Friday, March 5, 2010


As a corporate investigator, I unfortunately see very little in the way of law enforcement involvement in my cases and even less in the way in the arrests. Recently however, I have seen an emerging paradigm shift that has lead to some very good results.

First off, I would like to state that the relationship I have been able to establish with the United States Secret Service (USSS) Electronic Crimes Task Force(s) (ECTF) has been fantastic. They are a great group, and working with them has truly been a pleasure. I have also had the pleasure of working with various other local and state agencies in the area of cyber crime, and again, the results have been very very good.

Before I talk about what we have seen, I would like to thank The Department of Justice, specifically Ovie Carroll for issuing the challenge to me about a year ago to start reaching out to law enforcement more to see what I could do to help. If not for that prompting, these relationships would not be possible, and there would be at least eight criminals still walking the streets.

The challenge issued by Ovie was quite simple...ask if you can help. As a forensic investigator, I am a bit more experienced and vetted than your run of the mill IT guy...although only slightly. I have an advanced degree (although not indicidate really of anything other than I took the time to go to graduate school), posess several industry standard certifications (which don't say much more than I took the classes and passed the tests), and wrote a book on forensics (which says little else than I like to write and got somebody to buy my writings. However, when you bring all of those qualifications together, and add to the mix the 100+ cases I have worked over the past five years, then I had something several PDs were interested in.

Shortly after contacting my local PD, I was vetted by the District Attorney as an Expert Witness, and got to work on two different cases. From a forensic standpoint, the work was pretty basic compared to some of the larger more complex breaches I have worked. But, I did get to see first hand how much of a benfit I could provide to the PD. Both cases ended in the arrest of the perps! Not too shabby!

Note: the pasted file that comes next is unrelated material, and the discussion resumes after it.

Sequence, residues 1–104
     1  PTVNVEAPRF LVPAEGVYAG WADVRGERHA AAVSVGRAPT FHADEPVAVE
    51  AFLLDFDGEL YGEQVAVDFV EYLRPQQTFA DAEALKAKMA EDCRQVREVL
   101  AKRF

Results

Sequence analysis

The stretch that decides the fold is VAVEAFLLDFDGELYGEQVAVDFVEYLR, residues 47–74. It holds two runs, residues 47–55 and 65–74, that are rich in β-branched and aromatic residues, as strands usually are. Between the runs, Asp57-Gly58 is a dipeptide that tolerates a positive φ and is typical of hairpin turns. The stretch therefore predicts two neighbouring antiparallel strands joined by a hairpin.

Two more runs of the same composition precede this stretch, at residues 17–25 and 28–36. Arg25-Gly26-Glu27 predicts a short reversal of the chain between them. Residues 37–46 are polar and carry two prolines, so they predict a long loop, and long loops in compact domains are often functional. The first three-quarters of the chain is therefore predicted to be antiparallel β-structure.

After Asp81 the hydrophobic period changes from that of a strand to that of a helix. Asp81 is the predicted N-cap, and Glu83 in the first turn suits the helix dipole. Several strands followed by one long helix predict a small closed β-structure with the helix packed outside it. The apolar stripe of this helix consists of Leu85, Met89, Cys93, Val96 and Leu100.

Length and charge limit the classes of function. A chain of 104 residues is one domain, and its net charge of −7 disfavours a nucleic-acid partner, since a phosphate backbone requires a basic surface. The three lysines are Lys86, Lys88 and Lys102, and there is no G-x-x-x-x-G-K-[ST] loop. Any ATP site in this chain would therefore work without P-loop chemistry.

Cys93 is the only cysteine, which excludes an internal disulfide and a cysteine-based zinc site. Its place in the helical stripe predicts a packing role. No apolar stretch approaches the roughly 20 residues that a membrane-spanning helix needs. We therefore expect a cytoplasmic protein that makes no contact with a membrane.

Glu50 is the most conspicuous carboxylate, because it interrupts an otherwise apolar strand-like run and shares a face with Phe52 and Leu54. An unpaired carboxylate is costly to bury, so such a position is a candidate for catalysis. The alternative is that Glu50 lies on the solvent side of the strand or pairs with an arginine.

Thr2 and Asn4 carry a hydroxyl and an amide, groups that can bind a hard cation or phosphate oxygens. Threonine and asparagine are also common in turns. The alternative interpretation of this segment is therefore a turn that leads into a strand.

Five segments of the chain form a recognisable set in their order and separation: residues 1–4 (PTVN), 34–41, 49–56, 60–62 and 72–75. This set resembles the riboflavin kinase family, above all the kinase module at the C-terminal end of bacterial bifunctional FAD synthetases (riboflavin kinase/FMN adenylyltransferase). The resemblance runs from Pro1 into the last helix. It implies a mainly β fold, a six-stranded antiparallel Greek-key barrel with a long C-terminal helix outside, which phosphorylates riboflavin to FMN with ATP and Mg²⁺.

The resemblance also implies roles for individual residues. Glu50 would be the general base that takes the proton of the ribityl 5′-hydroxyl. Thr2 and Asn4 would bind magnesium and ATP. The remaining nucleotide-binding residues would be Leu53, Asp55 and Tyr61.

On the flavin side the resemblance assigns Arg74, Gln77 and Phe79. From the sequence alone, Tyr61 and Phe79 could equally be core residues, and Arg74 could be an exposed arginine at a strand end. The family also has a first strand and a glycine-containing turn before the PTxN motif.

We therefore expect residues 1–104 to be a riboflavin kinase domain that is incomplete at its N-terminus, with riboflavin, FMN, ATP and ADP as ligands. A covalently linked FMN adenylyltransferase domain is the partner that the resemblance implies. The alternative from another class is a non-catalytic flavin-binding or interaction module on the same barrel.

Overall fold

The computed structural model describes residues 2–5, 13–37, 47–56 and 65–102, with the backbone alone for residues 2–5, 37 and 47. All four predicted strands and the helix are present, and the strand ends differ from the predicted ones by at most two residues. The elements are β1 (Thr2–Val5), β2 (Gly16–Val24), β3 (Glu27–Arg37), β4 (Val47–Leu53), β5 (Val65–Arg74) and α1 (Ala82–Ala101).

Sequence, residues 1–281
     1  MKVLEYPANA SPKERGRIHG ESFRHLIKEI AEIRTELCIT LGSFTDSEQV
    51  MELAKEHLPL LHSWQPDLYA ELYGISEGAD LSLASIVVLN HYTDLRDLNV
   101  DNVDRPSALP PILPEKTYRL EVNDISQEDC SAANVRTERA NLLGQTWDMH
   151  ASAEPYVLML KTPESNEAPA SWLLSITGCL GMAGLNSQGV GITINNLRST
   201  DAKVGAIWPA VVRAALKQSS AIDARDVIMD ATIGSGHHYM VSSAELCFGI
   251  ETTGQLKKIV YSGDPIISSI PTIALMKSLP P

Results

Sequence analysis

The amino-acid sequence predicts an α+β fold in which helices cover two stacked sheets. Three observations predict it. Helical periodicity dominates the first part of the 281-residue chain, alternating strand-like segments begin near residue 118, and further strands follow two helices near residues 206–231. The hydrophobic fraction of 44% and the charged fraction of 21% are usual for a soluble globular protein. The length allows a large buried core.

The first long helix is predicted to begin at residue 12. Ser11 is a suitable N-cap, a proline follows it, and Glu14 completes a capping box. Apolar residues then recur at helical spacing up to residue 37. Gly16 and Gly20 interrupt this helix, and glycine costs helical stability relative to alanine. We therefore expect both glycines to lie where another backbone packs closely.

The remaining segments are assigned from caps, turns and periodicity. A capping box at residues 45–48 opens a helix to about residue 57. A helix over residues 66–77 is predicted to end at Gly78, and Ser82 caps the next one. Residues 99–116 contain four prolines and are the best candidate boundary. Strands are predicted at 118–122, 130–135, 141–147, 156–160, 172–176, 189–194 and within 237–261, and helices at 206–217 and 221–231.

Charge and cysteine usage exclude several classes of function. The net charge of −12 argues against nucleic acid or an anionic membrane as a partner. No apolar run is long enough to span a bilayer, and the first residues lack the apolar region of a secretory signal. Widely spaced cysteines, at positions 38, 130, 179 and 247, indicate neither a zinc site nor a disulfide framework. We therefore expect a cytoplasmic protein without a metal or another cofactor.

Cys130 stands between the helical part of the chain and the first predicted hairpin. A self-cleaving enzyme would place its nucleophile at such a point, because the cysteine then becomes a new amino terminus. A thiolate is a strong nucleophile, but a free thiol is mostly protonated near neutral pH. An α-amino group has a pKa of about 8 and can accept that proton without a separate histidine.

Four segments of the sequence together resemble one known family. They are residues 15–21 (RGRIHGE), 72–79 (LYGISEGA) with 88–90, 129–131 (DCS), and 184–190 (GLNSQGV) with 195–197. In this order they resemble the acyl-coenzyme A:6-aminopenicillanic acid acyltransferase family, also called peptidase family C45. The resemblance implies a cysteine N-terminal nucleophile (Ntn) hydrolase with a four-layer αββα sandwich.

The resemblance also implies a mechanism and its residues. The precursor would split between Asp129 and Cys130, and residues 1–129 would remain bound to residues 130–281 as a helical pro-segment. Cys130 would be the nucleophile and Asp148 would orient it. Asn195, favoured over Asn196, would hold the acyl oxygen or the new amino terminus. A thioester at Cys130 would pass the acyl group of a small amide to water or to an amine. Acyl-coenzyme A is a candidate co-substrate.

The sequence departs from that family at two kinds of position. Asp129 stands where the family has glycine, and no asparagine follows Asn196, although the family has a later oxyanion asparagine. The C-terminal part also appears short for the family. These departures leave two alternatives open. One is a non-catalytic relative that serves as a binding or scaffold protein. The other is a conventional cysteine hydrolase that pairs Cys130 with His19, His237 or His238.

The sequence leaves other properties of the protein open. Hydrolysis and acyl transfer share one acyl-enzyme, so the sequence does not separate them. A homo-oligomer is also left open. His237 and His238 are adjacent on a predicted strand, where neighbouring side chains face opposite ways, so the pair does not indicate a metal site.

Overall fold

That being said, over the past six months, my casework has directly aided in the apprehension and arrest of eight different criminals in the US and Europe! It's a great feeling to actually see my work helping to put bad guys away!

Now, I would echo the same challenge Oive gave to me a year ago. Contact your local PD. Let them know who you are and what you do. Maybe they will be interested, maybe not, but you won't know unless you ask. If they are, you may very well get the same opportunity I did and get to help put some pretty bad people in jail.

In my case, I still work Pro-Bono on cases involving crimes against children. As a father I find these types of crimes espically abhorrent, and gladly donate my time towards the investigation and apprehension of these animals.

Best of luck, and keep up the hunt!


  1. I saw you speak at the Miami MECTF meeting in February. I was, to say the least, impressed with your knowledge and experience. I know that being in Law Enforcement we can't do it without private sector help; like the technical assistance you provide. Thanks Chris!

  2. Happy to do it! I wish more corporate investigators would get into the fight. I mean, aren't we all after the same bad guys...we just have different roles.

  3. I worked for two police forces over a period of four years doing forensics, and the feeling you get when someone bad gets put away thanks to your work is immense.

    Nice going.